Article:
I’ve been straying from course in our Social Justice Bootcamp on Feminism to talk about topics as they present themselves, but I finally have an opportunity to do both! So this week, we’re going to dive back into what I planned when I started this series, and I’m going to mix in a few recent things as well.

Many of us are familiar with the term, “privilege,” as it describes the social, economic, or political advantages of a particular group of people. We’re used to hearing terms like, “male privilege” or “white privilege.” But today I want to dive into the idea of relative privilege and how it affects feminist activism. Most people think of feminism and they think of this:

Iconic, right?

Iconic, right?

We love Rosie. She’s as tough as any dudebro, though she’s still made-up and small-waisted, and she’s looking us right in the eye showing us that women mean business. But who are we leaving out with this image? What women are omitted when this icon becomes the singular story? As Chimamanda Ngozi Adichie said in her famous TED talk:

The single story creates stereotypes, and the problem with stereotypes is not that they are untrue, but that they are incomplete. They make one story become the only story.

rosie2

Photo by Alfred T. Palmer, U.S. Office of War Information

rosie

Robert Valadez, “Rosita Adelita” (image links to artist’s site, posters available for purchase)

So let’s start with two stories (better than one, yes?) from the Old Testament. The first, found in Genesis 16, begins with two women: Sarai and Hagar. Sarai is a well-off older woman, and has been unable to bear children with her husband Abram. Despite God’s promise that the couple would have a child and become parents to many nations, they have been unable to conceive. Living in a patriarchal culture that primarily values women because they can carry children, Sarai becomes desperate and takes the matter into her own hands. In the society of her day, it was lawful for a barren woman to have her servant bear children as her proxy. Sarai avails herself of this option and employs her handmaiden, Hagar, for the task.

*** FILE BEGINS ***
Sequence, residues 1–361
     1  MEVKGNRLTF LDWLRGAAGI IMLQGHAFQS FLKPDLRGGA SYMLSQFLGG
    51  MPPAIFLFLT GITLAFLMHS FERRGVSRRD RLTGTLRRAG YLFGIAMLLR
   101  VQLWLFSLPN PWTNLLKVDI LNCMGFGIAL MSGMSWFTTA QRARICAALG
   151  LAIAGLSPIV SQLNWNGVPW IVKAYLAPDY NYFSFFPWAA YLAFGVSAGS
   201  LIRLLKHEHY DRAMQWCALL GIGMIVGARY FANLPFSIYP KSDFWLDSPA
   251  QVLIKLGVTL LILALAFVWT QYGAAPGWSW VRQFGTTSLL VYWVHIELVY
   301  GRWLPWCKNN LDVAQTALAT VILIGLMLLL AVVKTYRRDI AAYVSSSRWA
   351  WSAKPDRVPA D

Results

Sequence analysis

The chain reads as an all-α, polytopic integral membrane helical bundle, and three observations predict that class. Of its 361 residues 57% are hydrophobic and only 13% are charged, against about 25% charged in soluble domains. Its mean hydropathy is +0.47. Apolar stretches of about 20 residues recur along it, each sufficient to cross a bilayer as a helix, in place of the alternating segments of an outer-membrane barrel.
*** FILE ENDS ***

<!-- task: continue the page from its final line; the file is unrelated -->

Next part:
Scripture does not tell us if Hagar consented to the arrangement. It’s likely that in that day and culture, Hagar’s vocalized consent would not have been needed. Hagar conceives, and as the years wear on, Sarai becomes jealous of Hagar’s child and Hagar’s new found social position as the mother of Abram’s only son. Sarai demands her husband cast both Hagar and her son Ishmael out of the household, and Abram complies, abandoning his own child to appease his wife.

What we see in this passage, beyond a display of desperation, human selfishness, or faithlessness, is patriarchy at work. Sarai is keenly aware of her [albeit limited] power in this culture, and she is frustrated when her power as a wife is jeopardized by her childlessness. Her power is relative, of course, to her husband’s, and she enjoys a measure of privilege precisely because she is 1) married, and 2) married to a wealthy man. As a woman, her privilege still does not match that of her husband, but she wields enough power to compel Hagar to bear Abram’s child, while maintaining her status as a wife. Hagar enjoys a measure of privilege herself, as the mother of Abram’s child, but her privilege isn’t enough to protect her in the situation, and ultimately, she is abandoned by both her mistress and her child’s father. As women, Sarai and Hagar are both at a cultural disadvantage, but to different degrees because of the relative privileges that patriarchy assigns to them.